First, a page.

Fugazi - Red Medicine (Cover Artwork)
Staff Pick


Red Medicine (1995)

Dischord Records

It is said that youth is wasted on the young, with the implication that youth is synonymous with laziness and apathy. In the case of Ian Mackaye, however, the adage just doesn’t stick. By the time Mackaye was 18, he had already played in The Teen Idles and Minor Threat, unknowingly creating a path that others have followed down in the years since. When Mackaye formed Fugazi in 1988, along with fellow guitarist/vocalist Guy Picciotto, bassist Joe Lally and drummer Brendan Canty, expectations from fans were understandably high.

Fugazi delivered, and continued to do so. With each subsequent release following their dual-EP compilation 13 Songs, (1990’s Repeater, 1991’s Steady Diet of Nothing and 1993’s In On the Killtaker), Fugazi raised the bar, both for their fans and for themselves. Each album was always a step forward, never relying on past glories to carry them through. This was no nostalgia act, and the longer they played together, the more they realized they had to learn.

1995’s Red Medicine found them once again raising the bar for themselves, taking production duties away from Ted Nicely and going it alone. The result is a more experimental Fugazi, with Picciotto having previously remarked that this was the album where the band went from feeling intimidated in the studio to being able to take control. The minute-long feedback and noise intro that opens the album before slicing into “Do You Like Me?” immediately let fans know that Fugazi still had some curves to throw at them.

It’s not that the longtime fan wouldn’t have recognized their heroes. Guitars, drums and bass were still the backbone of Fugazi, and they clearly still relished playing them as loudly as possible. With Red Medicine, however, they started to find other colors and brushes to use with their palette. The band embraced noise and feedback like never before, punctuating songs like “By You” (sung by the soft-voiced Lally), “Latest Disgrace” and “Birthday Pony” with bite, while the clarinet added a dark, eerie atmosphere to the instrumental (and guitar-less) “Version” along with the dub rhythms. Perhaps inspired by their “Back to Base” collaborators, the legendary Jamaican musicians and production duo Sly and Robbie, Fugazi began to toy with their own conceptions of the band, trading rhythm for riddim to back up Mackaye and Picciotto’s noisy guitars, employed as well on the penultimate track, “Downed City.”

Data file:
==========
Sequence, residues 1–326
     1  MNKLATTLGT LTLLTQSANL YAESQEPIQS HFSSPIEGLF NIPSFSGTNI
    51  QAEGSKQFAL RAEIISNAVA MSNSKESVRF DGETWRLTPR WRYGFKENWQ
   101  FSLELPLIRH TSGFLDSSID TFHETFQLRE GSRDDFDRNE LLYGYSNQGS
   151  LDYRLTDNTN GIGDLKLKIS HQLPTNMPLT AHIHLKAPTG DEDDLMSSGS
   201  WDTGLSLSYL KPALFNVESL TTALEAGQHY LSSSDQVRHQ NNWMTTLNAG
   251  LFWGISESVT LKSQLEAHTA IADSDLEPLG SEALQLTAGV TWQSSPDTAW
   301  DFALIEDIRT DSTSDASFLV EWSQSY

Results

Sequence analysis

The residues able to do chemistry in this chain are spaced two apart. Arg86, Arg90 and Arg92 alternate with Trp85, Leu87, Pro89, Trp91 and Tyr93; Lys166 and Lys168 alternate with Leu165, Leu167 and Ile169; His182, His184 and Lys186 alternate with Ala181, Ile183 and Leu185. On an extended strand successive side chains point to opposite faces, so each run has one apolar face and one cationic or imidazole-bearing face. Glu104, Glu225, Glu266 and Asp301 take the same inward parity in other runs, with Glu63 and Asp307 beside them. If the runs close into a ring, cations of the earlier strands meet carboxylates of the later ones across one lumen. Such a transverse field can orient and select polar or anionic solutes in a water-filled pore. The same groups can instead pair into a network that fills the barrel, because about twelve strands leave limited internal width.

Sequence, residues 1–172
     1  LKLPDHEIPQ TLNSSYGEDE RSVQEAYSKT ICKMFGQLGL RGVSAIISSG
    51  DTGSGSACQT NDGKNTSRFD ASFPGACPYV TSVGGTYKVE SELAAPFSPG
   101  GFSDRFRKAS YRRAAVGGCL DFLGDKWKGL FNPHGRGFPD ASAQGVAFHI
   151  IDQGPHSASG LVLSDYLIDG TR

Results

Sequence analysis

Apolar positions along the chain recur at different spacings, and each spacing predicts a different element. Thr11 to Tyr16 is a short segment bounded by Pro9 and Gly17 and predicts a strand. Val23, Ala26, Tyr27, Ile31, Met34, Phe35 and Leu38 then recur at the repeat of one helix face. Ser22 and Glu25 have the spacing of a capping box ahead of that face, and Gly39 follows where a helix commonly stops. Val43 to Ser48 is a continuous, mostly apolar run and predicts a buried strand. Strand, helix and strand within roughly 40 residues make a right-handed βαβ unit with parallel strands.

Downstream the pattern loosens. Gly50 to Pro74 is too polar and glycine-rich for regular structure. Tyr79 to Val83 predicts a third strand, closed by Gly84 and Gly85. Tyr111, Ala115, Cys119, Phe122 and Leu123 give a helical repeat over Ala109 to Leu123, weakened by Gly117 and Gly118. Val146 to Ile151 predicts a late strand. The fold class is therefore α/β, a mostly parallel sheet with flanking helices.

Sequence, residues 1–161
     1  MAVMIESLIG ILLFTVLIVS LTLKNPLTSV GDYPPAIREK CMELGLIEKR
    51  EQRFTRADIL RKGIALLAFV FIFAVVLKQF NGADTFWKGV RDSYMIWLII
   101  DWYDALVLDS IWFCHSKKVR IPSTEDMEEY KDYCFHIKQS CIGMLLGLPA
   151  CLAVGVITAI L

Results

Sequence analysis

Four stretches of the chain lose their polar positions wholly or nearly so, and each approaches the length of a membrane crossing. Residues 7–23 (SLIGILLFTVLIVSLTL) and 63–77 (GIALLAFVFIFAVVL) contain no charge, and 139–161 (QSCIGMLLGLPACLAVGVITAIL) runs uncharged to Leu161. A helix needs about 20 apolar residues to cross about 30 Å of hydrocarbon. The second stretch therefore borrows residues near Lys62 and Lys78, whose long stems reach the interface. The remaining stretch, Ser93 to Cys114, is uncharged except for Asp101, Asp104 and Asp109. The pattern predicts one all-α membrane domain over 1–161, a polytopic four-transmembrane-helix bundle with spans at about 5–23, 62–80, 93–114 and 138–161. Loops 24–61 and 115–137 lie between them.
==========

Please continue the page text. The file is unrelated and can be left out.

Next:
Red Medicine was, in 1995, the pinnacle of what Fugazi had achieved artistically to date (Instrument, the film about the band directed by the album’s cover artist/photographer Jem Cohen, includes footage of the writing and recording sessions for the record). However, the same could be said for each subsequent release through 2001’s swan song, The Argument. With the benefit of hindsight, one can see Fugazi as a band that continued to evolve and one-up themselves until their announcement of an “indefinite hiatus” in 2002. The disappointment of fans was not only that of losing one of their favorite bands, but also of not being able to see what they decided to do next.

In 2015, knowing the history of the now-legendary band, it’s easy to look at the lyrics of “Long Distance Runner,” the song which brings Red Medicine to a slow yet abrupt finish as an apt description of the album, if not the band itself. “The farther I go the less I know,” Mackaye intones at the start, with his voice almost a whisper near the end singing, “If I stop to catch my breath/I might catch a piece of death/I can’t keep your pace if I want to finish this race.” Fugazi played by their own rules, and no one else’s, maintaining their youthful enthusiasm for creating and playing music until the end. The results sound just as vital today as they did back then.